Examining how changes in dance amid the Greek financial crisis altered perceptions and discourses of Greece’s culture and national identity
Performing the Greek Crisis explores the impact of the Greek financial crisis (2009–19) on the performing arts sector in Greece, and especially on contemporary concert dance. When Greece became the first European Union member to be threatened with default, the resulting budget cuts pushed dance to develop in unprecedented directions. The book examines the repercussions that the crisis had on artists’ daily lives and experience, weaving the personal with the political to humanize a phenomenon that to date had been examined chiefly through economic and statistical lenses. Informed by her own experience of growing up in Greece and including interviews and rich descriptions of performances, Natalie Zervou offers a glimpse into a pivotal moment in Greek history.
In Greece, dance (and in extension, the body) has historically held a central role in the process of national identity construction. When the crisis broke out, artists had to navigate their way through a precariously fluctuating landscape, with their bodies as their one and only stable referent. In Greece, dance has held a historical role in national identity construction of Greece as the cradle of Western civilization. As the financial crisis coincided with the European Refugee Crisis, dancing bodies became agents to advocate for human rights. By centering the analysis of the Greek crisis on the dancing bodies, Performing the Greek Crisis is able to examine the various ways that artists reconceptualized their history and reframed ideas of national belonging, race, citizenship, and immigration.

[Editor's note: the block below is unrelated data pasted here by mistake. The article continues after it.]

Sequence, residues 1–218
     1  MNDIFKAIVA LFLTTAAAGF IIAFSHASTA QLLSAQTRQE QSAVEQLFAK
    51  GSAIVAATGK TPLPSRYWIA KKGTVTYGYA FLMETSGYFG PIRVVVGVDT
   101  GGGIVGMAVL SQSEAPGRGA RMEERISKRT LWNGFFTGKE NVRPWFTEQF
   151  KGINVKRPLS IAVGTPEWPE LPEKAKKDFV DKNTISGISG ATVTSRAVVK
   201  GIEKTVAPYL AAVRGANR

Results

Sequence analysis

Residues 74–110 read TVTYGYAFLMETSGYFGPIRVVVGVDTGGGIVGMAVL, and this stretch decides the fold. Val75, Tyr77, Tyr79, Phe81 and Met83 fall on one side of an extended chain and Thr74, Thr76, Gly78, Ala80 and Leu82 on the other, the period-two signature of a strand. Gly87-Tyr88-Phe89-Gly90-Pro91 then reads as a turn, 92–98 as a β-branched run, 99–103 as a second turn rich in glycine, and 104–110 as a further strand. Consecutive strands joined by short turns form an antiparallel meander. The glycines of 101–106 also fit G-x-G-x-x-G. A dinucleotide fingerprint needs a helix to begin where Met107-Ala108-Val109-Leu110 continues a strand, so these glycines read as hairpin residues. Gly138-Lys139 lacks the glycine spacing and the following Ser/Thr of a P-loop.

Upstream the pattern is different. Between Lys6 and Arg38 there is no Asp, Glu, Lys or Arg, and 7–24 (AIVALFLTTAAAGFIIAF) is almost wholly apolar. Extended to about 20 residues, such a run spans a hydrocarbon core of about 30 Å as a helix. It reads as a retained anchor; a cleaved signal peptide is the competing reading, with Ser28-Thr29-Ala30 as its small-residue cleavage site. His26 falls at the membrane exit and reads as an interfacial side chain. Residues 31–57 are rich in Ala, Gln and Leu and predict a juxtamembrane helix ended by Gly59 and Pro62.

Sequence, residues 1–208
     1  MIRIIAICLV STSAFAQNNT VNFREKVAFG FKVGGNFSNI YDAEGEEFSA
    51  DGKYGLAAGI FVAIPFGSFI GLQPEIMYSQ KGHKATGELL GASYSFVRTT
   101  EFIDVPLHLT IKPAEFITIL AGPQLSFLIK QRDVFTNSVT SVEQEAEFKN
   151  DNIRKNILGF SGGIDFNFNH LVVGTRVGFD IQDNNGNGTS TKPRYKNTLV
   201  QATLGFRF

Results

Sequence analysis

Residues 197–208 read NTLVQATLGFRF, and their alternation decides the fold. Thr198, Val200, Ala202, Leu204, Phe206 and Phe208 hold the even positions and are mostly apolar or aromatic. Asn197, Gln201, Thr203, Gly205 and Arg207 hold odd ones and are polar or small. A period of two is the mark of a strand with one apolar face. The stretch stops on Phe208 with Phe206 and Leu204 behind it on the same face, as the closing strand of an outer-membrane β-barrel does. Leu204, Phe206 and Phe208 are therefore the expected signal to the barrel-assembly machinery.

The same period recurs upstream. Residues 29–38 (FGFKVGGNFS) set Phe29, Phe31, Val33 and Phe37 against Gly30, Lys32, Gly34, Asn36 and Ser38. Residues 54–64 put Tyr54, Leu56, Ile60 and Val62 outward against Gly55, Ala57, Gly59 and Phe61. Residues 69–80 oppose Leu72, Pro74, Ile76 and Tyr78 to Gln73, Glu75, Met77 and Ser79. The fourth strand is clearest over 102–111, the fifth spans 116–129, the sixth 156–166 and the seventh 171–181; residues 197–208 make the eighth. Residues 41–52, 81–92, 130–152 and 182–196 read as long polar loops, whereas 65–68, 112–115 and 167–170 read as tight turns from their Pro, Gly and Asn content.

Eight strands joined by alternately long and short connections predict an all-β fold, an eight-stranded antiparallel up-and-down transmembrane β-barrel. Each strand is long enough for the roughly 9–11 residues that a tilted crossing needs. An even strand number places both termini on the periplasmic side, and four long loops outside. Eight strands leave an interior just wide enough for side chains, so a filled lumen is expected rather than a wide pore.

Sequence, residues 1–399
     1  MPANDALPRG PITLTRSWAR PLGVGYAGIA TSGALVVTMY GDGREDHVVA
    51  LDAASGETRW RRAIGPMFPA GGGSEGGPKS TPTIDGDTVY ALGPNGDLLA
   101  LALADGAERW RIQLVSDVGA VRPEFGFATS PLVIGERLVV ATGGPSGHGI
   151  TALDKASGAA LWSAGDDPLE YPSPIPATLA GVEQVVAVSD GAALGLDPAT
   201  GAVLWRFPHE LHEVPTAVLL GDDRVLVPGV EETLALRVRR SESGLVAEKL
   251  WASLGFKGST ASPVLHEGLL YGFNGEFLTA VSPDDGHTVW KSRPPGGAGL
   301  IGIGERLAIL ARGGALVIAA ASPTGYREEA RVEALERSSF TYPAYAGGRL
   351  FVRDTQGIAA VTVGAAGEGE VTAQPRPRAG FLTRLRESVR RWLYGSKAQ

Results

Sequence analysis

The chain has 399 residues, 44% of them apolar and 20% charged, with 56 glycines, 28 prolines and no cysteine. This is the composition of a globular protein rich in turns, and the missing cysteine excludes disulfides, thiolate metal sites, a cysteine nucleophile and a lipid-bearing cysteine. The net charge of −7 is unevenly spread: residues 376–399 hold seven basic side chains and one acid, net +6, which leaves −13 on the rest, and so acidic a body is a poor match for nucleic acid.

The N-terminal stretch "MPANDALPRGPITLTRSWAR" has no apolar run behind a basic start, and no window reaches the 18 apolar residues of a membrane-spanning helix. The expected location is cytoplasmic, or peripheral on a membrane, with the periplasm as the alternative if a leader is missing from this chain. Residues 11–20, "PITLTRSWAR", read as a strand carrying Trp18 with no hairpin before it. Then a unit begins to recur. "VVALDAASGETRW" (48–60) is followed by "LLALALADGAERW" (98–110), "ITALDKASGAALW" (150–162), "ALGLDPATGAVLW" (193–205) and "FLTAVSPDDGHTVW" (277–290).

Natalie Zervou is Assistant Professor of Dance at the University of Wisconsin-Madison.
“A very interesting, well-told, comprehensive, critical, and complex analysis of the development of contemporary dance in Greece in recent years. It is also timely, addressing a lack and a need in dance studies.”- Einav Katan-Schmid
—Einav Katan-Schmid, Kibbutzim College of Education, Technology and the Arts, Tel Aviv
“A delight to read and indeed a timely book. The beginning focus on the ‘body in crisis’ is a powerful entry point into a discussion of contemporary Greek dance, a topic that warrants more exposure within an international context.”- Ann Cooper Albright
—Ann Cooper Albright, author of How to Land: Finding Ground in an Unstable World